Contract and Commercial Law Review
Promissory estoppel is an important adjunct to contract law, allowing non-contractual promises to be legally binding under prescribed conditions. These conditions include reliance by the promisee, as the doctrine serves to protect reasonable reliance induced by certain types of promises. Typically, the conditions also include a requirement that it would be inequitable for the promisor to go back on the promise. This inequity requirement reflects the nature of promissory estoppel as a creature of the law of equity. Beyond this, however, considerable uncertainty surrounds the inequity element. For example, there are diverging views as to whether it embodies a distinct requirement, or whether it simply encapsulates the question that the doctrine’s other conditions together answer. If it does embody a distinct requirement, opinion further differs on whether its role is to inquire into specific considerations, or is to call for an overall (that is, subsuming the other conditions) assessment of the fairness of letting a promise be broken. And if it does mandate a specific enquiry, the set of factors it is meant to investigate, and how they are to be analysed, remains remarkably unknown. As Lord Justice Beatson, Lord Burrows and John Cartwright note, ‘there is little… guidance about’ what factors ‘will make it “not inequitable” for a person to go back on such a promise’.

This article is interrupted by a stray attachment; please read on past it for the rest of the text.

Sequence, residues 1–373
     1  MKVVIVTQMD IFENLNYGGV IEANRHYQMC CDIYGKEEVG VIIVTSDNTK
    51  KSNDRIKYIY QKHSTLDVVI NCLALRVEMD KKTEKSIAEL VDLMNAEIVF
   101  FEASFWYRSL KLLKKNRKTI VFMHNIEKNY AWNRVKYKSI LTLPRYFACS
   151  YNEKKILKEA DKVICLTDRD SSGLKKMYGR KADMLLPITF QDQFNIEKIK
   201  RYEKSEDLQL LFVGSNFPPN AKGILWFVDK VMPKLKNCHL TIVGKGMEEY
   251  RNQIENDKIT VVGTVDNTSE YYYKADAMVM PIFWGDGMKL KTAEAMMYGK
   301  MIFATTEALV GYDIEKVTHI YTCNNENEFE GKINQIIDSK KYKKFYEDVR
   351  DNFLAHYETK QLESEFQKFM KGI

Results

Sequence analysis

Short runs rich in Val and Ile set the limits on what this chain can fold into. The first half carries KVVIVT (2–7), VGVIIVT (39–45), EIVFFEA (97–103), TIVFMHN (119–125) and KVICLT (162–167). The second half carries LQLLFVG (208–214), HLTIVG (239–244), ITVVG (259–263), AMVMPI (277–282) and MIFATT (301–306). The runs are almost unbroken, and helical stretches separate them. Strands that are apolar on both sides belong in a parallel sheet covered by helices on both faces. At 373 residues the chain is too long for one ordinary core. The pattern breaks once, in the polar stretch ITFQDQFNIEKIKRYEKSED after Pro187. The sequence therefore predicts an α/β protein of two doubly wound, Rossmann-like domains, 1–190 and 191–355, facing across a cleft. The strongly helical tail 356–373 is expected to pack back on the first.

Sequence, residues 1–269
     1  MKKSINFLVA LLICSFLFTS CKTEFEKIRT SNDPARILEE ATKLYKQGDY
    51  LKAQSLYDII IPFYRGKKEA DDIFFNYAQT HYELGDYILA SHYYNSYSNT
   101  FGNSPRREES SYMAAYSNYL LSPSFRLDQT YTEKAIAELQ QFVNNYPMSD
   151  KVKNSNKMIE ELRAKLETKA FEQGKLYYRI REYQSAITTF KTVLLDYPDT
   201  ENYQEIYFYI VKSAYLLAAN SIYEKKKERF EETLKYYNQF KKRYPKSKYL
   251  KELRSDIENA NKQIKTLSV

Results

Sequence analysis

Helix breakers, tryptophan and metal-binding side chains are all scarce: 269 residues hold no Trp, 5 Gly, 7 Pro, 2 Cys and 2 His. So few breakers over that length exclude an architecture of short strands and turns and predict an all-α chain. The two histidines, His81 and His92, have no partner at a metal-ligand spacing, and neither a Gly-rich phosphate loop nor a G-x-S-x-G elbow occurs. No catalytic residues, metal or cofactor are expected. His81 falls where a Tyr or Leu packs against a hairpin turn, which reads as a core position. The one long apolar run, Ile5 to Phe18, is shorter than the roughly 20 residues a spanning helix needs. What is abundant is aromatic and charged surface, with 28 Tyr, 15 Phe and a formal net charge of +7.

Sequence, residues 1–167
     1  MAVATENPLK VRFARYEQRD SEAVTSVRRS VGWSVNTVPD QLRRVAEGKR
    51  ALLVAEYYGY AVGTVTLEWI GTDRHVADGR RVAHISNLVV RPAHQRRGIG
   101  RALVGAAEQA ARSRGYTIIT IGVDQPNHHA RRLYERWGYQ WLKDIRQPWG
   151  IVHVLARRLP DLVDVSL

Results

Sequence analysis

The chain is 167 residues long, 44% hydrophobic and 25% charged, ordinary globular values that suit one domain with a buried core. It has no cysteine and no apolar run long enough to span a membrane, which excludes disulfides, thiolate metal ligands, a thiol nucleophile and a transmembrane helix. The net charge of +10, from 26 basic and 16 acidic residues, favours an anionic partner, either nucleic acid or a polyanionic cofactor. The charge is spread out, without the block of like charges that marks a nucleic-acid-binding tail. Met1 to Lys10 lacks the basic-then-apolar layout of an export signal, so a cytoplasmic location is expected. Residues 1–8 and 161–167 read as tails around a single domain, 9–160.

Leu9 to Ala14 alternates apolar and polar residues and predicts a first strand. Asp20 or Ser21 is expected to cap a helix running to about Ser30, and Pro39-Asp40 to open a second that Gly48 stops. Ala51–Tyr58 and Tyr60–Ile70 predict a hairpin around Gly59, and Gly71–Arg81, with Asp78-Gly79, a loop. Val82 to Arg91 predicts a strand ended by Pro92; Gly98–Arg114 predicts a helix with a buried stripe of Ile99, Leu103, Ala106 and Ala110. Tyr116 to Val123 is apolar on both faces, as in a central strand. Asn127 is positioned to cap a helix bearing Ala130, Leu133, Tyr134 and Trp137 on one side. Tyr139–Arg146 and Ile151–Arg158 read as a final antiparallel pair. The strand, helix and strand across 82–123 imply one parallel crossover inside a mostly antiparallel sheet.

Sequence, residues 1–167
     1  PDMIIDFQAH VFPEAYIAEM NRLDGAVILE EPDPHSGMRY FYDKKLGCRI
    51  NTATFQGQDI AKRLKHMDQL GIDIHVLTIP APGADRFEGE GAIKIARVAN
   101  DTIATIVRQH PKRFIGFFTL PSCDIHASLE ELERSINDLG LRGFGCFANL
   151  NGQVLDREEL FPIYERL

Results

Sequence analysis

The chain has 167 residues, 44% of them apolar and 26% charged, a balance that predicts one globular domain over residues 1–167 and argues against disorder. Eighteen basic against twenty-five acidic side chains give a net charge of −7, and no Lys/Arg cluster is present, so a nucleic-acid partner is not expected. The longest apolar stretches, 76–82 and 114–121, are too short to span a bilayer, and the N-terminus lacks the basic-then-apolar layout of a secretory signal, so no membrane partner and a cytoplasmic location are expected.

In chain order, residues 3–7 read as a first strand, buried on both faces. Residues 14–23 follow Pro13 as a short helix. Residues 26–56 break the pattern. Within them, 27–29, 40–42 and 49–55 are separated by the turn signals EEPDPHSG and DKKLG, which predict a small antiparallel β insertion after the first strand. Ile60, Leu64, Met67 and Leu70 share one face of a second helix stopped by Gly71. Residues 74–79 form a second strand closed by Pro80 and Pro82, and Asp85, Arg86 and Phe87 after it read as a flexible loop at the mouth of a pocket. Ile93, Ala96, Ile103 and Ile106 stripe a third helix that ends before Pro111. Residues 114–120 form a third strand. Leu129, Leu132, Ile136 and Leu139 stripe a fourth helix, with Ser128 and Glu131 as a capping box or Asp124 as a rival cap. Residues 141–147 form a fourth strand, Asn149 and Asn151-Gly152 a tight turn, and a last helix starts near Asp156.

Marcus Moore, "When Is It Fair to Break Promises? Illuminating Promissory Estoppel's Inequity Requirement" (2023) 1:3 Contract & Comm L Rev 161.